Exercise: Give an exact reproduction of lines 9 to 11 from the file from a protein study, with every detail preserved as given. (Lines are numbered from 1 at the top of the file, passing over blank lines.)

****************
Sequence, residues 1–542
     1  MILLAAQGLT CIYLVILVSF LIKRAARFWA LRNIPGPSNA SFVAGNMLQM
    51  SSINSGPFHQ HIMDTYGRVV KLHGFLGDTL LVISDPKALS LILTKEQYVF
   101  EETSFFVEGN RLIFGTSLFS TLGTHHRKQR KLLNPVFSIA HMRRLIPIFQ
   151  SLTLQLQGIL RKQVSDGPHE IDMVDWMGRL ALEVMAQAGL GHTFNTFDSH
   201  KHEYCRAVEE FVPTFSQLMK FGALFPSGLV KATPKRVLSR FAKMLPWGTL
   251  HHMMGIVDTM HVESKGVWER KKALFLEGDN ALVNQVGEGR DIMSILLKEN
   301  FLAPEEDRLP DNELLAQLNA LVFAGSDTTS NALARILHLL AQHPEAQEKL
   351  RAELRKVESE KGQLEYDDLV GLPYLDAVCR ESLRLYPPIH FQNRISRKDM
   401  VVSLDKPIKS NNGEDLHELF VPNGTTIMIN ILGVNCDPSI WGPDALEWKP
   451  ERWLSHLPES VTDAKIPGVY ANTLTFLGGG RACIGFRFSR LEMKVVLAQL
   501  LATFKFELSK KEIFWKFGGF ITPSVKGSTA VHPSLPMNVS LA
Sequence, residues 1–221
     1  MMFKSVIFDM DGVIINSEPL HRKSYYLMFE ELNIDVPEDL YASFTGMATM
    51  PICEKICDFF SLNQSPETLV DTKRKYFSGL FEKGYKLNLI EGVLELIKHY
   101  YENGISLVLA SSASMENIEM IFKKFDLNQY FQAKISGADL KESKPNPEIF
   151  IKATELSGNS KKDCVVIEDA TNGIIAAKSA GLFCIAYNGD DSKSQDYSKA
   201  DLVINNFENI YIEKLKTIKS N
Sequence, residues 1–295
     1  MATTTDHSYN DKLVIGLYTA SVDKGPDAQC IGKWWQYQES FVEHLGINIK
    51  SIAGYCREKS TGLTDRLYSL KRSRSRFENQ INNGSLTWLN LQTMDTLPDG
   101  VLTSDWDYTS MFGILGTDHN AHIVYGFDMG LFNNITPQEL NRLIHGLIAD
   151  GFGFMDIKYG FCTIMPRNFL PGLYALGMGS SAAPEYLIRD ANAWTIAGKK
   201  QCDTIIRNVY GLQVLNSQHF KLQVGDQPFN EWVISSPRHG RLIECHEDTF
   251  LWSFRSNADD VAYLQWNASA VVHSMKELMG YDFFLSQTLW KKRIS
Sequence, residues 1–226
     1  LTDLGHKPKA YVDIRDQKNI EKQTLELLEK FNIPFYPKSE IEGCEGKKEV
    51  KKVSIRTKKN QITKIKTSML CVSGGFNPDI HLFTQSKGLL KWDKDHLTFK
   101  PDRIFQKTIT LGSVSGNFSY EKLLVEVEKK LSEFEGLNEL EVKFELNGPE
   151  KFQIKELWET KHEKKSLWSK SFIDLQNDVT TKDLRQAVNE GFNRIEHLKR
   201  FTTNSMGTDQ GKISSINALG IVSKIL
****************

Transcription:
   351  RAELRKVESE KGQLEYDDLV GLPYLDAVCR ESLRLYPPIH FQNRISRKDM
   401  VVSLDKPIKS NNGEDLHELF VPNGTTIMIN ILGVNCDPSI WGPDALEWKP
   451  ERWLSHLPES VTDAKIPGVY ANTLTFLGGG RACIGFRFSR LEMKVVLAQL